The various turns that the plot takes will come as no surprise to even the most casual film viewer - this tale of unconventional people unfolds in very conventional fashion. However, the film itself is comfortable within the confines of its genre and doesn't try to overreach, rather it simply aims to excel at the kind of story that it is. We know that eventually David will find love with his ever present female friend (Amanda Peet) and we know that when the advanced age of David's dog is referenced, things are going to take a sad turn, but the film really doesn't pretend that it's getting away with anything and pretty openly acknowledges the strings it wants to pull. It isn't a great film by any stretch, but it's a good film of its kind.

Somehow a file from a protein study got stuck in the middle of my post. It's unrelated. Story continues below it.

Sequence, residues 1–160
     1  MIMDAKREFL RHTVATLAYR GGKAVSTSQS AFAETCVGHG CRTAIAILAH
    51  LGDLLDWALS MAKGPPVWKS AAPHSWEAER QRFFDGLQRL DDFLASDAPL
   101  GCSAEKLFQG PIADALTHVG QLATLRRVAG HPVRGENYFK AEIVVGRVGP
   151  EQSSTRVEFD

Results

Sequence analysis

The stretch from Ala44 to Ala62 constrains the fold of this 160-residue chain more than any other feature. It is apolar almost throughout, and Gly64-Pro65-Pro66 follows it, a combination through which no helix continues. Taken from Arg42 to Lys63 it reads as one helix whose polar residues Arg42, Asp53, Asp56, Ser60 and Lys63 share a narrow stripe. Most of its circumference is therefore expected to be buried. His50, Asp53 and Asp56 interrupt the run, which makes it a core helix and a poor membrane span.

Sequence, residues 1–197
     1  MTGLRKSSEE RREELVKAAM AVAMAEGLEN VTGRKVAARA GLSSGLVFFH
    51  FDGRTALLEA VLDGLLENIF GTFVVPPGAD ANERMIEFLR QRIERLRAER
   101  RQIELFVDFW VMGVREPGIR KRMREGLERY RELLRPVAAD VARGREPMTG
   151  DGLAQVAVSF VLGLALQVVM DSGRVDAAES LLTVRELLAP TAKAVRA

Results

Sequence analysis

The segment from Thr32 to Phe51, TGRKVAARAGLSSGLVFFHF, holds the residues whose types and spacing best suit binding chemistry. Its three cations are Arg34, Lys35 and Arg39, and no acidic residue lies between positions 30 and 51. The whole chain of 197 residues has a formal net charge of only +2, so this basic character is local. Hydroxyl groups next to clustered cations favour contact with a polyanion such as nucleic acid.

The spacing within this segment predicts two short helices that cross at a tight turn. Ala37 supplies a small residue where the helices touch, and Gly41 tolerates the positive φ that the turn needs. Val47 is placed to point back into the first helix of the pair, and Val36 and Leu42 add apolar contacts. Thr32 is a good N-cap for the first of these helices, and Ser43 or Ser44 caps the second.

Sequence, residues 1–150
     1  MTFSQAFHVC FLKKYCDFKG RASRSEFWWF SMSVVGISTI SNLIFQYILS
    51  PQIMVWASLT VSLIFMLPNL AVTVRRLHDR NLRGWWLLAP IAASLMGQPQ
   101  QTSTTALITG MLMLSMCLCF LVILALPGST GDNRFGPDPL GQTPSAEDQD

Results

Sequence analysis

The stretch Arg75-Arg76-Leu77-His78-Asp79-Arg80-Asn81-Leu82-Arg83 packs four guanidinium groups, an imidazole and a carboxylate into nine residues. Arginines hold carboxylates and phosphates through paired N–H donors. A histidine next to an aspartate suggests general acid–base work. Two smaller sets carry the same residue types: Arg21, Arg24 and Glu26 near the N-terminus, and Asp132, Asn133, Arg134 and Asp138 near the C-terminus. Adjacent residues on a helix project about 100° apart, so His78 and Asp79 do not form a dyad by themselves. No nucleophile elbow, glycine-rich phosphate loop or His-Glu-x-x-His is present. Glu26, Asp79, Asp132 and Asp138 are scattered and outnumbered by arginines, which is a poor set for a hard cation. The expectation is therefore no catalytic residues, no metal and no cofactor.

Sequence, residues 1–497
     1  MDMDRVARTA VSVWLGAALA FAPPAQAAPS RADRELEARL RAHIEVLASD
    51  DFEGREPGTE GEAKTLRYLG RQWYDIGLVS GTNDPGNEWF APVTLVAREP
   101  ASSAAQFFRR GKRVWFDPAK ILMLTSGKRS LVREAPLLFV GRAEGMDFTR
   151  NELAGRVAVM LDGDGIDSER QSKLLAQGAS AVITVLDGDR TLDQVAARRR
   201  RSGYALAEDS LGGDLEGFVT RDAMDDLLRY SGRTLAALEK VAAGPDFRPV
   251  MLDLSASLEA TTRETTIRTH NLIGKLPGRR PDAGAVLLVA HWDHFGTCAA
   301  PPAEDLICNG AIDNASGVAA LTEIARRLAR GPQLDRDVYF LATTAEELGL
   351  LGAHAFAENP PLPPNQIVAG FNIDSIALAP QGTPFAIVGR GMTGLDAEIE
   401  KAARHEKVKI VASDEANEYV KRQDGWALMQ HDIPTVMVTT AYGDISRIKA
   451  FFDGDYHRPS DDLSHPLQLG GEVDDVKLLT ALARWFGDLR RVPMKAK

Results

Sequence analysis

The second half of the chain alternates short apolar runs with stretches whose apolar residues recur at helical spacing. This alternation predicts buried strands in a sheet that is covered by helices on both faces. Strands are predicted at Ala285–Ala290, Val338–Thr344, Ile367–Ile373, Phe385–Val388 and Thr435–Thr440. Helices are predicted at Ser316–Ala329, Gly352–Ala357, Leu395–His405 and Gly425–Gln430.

What really works well in Martian Child are the performances, Cusack's in particular. David is a man going through a lot, with a lot of wounds waiting to heal over, and Cusack does an excellent job at conveying his struggles both as a man in mourning and as a man trying to forge a new, and very difficult, connection. This is easily one of his best performances, one that hits a lot of different notes and makes them resonate. Coleman's performance is at times a bit too precious for my tastes but I'm not going to rag on the acting abilities of a ten-year-old, so let's move on. Huston appears briefly as David's publisher and Joan Cusack - always a welcome presence - co-stars as David's sister, both making the most of their rather limited roles. Martin Child won't surprise you, but it's one of those easy, undemanding films that can make for a good viewing experience.